Administrators at concentration camp memorials routinely grant requests from Christian and Jewish groups to pray on their premises, but Bhakti Marga has confronted them with a very different religious tradition.
“We’re used to Protestant, Catholic and Jewish groups. We’re not used to Hindu groups but we see no reason to ban the Hindus from doing this,” Rikola-Gunnar Lüttgenau, spokesman for the Buchenwald memorial, told the local television station MDR during the rite there on March 17.
“We have investigated to see if the history of the place is being negated. That is not the case. We’ve looked to see if they take this place seriously. That is the case,” he said.
“They take a tour, they watch a film, there is a conversation with the local Jewish community. So we approved it as a normal event, like those from groups of other faiths.”
Reinhard Schramm, head of the Jewish community in Thuringia state, had no problem meeting the Hindus.
“If people knowingly want to visit a memorial site where 56,000 people were murdered, and want to help prevent that from ever happening again, then that’s reason enough for me to speak with them,” he told DLF radio.
“These are people fighting against racism and xenophobia — they’re my partners!”
In Austria, the interior ministry responsible for memorial sites says they are open to anyone who respects “the dignity of the place.”
Willi Mernyi, chairman of the Mauthausen Committee that oversees the memorial there, said he saw the om chanting session as one of many ways to pay respect and he did not want to judge the chanters.
But asked whether chanting could purify the site, he said: “If it were that simple, I’d join them.”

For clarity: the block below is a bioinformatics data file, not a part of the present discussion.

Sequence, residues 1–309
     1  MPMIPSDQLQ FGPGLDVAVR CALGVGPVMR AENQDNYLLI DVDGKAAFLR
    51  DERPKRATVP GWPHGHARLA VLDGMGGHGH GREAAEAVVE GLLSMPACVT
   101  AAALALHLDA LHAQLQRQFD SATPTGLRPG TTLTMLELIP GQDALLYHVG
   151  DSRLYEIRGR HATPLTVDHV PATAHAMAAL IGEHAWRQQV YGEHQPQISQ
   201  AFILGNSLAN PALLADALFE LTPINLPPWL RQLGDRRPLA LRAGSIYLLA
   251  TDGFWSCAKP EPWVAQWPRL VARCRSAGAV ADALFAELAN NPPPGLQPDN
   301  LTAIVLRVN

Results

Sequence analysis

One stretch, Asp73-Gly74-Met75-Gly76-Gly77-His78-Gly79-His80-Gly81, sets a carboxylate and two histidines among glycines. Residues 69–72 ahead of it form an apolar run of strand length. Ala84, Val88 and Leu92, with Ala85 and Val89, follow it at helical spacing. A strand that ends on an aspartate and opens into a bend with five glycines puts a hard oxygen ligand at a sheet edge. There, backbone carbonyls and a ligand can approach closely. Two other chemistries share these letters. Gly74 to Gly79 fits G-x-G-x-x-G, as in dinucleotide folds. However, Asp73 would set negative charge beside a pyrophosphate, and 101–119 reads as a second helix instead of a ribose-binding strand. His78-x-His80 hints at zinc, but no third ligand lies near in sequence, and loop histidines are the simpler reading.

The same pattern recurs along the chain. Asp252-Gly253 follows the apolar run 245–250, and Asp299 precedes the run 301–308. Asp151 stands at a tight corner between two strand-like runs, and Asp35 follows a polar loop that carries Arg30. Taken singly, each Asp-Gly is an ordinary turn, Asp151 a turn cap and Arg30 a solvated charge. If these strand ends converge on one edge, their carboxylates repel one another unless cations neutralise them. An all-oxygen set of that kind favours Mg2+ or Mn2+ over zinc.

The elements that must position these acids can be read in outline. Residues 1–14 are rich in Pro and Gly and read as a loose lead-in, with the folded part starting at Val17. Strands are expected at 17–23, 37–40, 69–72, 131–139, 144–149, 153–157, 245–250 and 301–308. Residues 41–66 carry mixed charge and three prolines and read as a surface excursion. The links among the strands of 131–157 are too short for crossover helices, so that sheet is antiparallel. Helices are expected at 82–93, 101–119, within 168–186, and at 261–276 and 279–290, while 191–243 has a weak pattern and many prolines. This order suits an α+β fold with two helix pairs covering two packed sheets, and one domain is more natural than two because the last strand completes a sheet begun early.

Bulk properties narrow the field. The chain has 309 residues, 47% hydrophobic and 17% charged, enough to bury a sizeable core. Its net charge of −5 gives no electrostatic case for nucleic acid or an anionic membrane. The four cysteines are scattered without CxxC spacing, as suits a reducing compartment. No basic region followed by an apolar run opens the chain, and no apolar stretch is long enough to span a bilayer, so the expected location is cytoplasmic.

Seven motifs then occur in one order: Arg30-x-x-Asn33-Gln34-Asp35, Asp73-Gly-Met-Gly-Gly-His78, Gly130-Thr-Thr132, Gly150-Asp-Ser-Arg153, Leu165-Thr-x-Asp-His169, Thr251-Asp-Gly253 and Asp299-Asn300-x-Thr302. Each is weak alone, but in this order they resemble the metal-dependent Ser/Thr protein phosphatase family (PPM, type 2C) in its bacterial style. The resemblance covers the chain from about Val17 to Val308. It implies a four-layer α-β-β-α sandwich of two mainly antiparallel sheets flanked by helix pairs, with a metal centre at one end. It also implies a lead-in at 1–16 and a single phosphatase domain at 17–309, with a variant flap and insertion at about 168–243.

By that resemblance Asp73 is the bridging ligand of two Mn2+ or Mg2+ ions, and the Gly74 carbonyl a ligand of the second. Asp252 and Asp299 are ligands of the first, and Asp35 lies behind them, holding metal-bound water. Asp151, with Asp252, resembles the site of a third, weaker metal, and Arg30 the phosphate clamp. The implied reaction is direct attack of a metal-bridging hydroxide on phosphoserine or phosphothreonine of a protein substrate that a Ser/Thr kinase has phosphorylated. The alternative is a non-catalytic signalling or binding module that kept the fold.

The memorial at Flossenbürg in northern Bavaria — the camp where the Lutheran theologian Dietrich Bonhoeffer and Adm. Wilhelm Canaris were executed in April 1945 for plotting to kill Hitler — turned down a Bhakti Marga request to chant there last month.
Its director, Jörg Skriebeleit, said the group’s request led to a long discussion with administrators of other memorials in Bavaria and the final decision to deny permission.
“The goal of ‘purifying the site’ and ‘healing the past’ is in our view an inappropriate manipulation of the site and an inappropriate exploitation of the fate of every single victim,” he wrote in his reply.
The chanters replied by saying he would have decided differently if he had “opened his heart,” a comment Skriebeleit said he found “esoteric.”
At Buchenwald, four members of the local Socialist youth group protested outside the chanting session, holding a banner saying “Education and anti-fascism instead of OMinous historical healing.”
“This is an ineffective method that replaces education and enlightenment, which is what the memorials are actually for and what they do every day,” said Jan Schneider, one of four young people braving a snowstorm to hold their protest.
The Antisemitism Research and Information Center in Berlin also had its reservations about the rite.
“The chantings do not deal with the specific history of these places,” its spokesman Alexander Rasumny told the daily Die Welt, noting the list of places the group wants to “purify” ranges from concentration camp memorials to sites where American Indians were massacred.
“This is a mixture of different events that aims to relativize the Holocaust.”
Heike Beck, a minister for interfaith relations in the Protestant church district where the Bhakti Marga ashram is located, said the fact the group always used the same ritual at sites marked by different kinds of tragedies did not seem right to her.
“History is denied and plays no role anymore,” she told DLF radio. “There has to be a confrontation with history so one can see the structures that made these things possible.”